Our division of labour this week has been as follows - Luciano has been working on the internal wood of the boat, filling in the holes with wood filler, sanding, painting and varnishing. It is looking really beautiful and Luciano’s training in colour and composition means he can do a much better job of getting the colour for the wood right where it has been patched. It will be a long and ongoing process because we have so much wood, but he has completed the whole of the bow cabin and the bow heads. I have been doing some sewing; I repaired our laundry bag and sewed some reflective strips onto the cover for the outboard engine to make the dinghy more visible in the dark. I’ve also had my admin hat on, researching welders to come and give us quotes for our bimini frame and chauffering them to and from the boat. I’ve also been researching and applying for insurance quotes from a range of companies. This is not a simple task as so few companies will insure you in the Caribbean and many don’t cover you for named storms. It takes a lot longer to get confirmed quotes compared to car or domestic boat insurance as they have to check certain aspects with the underwriters. For example, we ask to be covered for more than the purchase price of our boat because of the expensive additions we have had done to make our boat suitable for offshore passages and living aboard, such as our solar panel arch, solar panels, new batteries, watermaker, Hydrovane, electronics, rigging etc. They will also stipulate requirements about where you must be in hurricane season. Many insurers won’t insure you in the Caribbean and some won’t insure us because our boat is deemed too low value to make it worth their while. It will be hugely expensive (again) but we feel it’s worth it. Some people just get third party liability insurance for this reason, but given that our boat will be in Grenada while we are in England with no way of moving the boat if a hurricane is on its way, we would prefer to have full coverage.
We did make time to see a little of Grenada this week. We got the bus to try and visit the Grenada Chocolate Company, a cooperative operating in Grenada’s rainforest that grows the beans and makes the chocolate. The company was founded in 1999, but sadly two of the three founders have since died - one from cancer and the other from electrocution whilst working with solar panels. The company’s chocolate is very sustainable - it is entirely vegan and utilises restored antique machinery powered by solar panels. It is shipped abroad by sailing boat and transported by cycle couriers once it reaches Europe. It is also a co-operative with all of the workers paid the same wage. Unfortunately, when we got the bus there, the driver and some of the passengers told us it was closed and dropped us at the Belmont Estate, a former slave plantation that has been turned into a chocolate producers. We declined to do a tour there because they keep captive animals, including birds in cages; but we were told that at the back, the Grenada Chocolate Company had an outlet and we might be able to buy some chocolate. We eventually found our way there and met Camiter, who works for the company. She was sitting in a dark room piled high with bags of cocoa beans. She was sitting at a table sorting good cocoa beans from bad. We asked if we could buy some chocolate from them and she called the salesperson to come. While we were waiting, she was kind enough to explain to us about the history of the company. Unfortunately the factory they were renting was being reclaimed by the owners, so they were in the process of moving all of their machinery and cocoa beans down to this new location at the back of the Belmont Estate. A pile of solar panels was outside her window waiting to be set up again to power the machinery. She talked us through the process of how they sort the beans. The bad ones - cracked and shrivelled are returned to the earth as fertiliser and the good ones are used in the making of their chocolate. Her openness and pride in the company was plain to see. Eventually the salesman arrived from their other site and sold us some chocolate bars, which we can now confirm are absolutely delicious; full and flavoursome as only small production bars can be. We did try to buy some for friends and family but I doubt there will be any left when we return home. Sorry!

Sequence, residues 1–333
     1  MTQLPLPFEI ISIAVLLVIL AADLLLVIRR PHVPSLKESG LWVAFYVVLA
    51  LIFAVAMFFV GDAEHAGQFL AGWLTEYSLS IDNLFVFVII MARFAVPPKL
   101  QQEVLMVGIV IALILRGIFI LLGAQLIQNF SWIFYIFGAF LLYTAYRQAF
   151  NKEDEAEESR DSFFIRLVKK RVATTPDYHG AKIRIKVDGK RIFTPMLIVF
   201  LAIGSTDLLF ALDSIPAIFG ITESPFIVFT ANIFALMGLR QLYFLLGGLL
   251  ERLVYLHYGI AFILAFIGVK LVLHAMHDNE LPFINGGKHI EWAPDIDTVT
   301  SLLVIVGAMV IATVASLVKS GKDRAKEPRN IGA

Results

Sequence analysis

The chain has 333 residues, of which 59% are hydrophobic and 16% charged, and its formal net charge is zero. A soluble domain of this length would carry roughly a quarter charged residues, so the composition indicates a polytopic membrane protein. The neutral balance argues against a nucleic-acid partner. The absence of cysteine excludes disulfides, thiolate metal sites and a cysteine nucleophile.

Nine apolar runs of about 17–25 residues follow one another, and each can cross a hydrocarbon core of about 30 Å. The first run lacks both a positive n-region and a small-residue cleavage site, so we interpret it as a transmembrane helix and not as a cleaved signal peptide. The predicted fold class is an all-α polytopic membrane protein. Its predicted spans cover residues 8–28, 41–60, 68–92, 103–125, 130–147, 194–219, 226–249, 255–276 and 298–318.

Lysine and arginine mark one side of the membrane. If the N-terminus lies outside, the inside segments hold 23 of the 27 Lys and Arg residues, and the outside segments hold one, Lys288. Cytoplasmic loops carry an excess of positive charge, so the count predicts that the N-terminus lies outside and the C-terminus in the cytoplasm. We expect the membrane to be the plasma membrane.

We also took a dinghy ride round to Hog Island, an island in the bay where we are anchored. Considered the main anchorage, we had heard it was very busy. We landed onshore on a sandy beach and walked through the mangroves and across the low lying island covered in whiteish grasses, sometimes with flashes of orangey red lichen flaring on the white barked trees and black rocks. We walked back over to the other side where some simple beachside bar shacks are, with hammocks and rope swings under the shady trees. We bought a couple of ice cold coconuts to drink and some fruits to take back to the boat. As we were leaving we saw some sailors coming onland to play music, as there is a jam session every Friday night. Surrounded by mangroves, the anchorage is much more protected than where we are and we thought we should probably move there the next day from our exposed position. It is also much closer to get onshore. Then we saw some people we knew leaving their boat and they told us of a free spot from a catamaran that had just left. We got back to the boat as the sun was setting and gazed around at the birds flying over the sandy cliffs, the moon high in the blue sky and decided no, we couldn’t leave. There are only two other boats in our anchorage, both plenty of distance away. We have clean water and privacy here. We swam and I did yoga and felt at peace about our choice to stay where we were. The next morning at six am we were woken by the wind howling and torrents of rain battering the boat at a sideways angle. I turned on the instruments and they showed we had thirty five knots of wind. The anchor is holding well, but we are concerned about too much pressure on our anchor swivel if we keep getting these sorts of winds. Reluctantly we will move to the more sheltered mangrove area, the safety of the boat has to take precedence over everything else. We will miss our tranquil position but the protection, sociability and convenience of the new location should make up for it.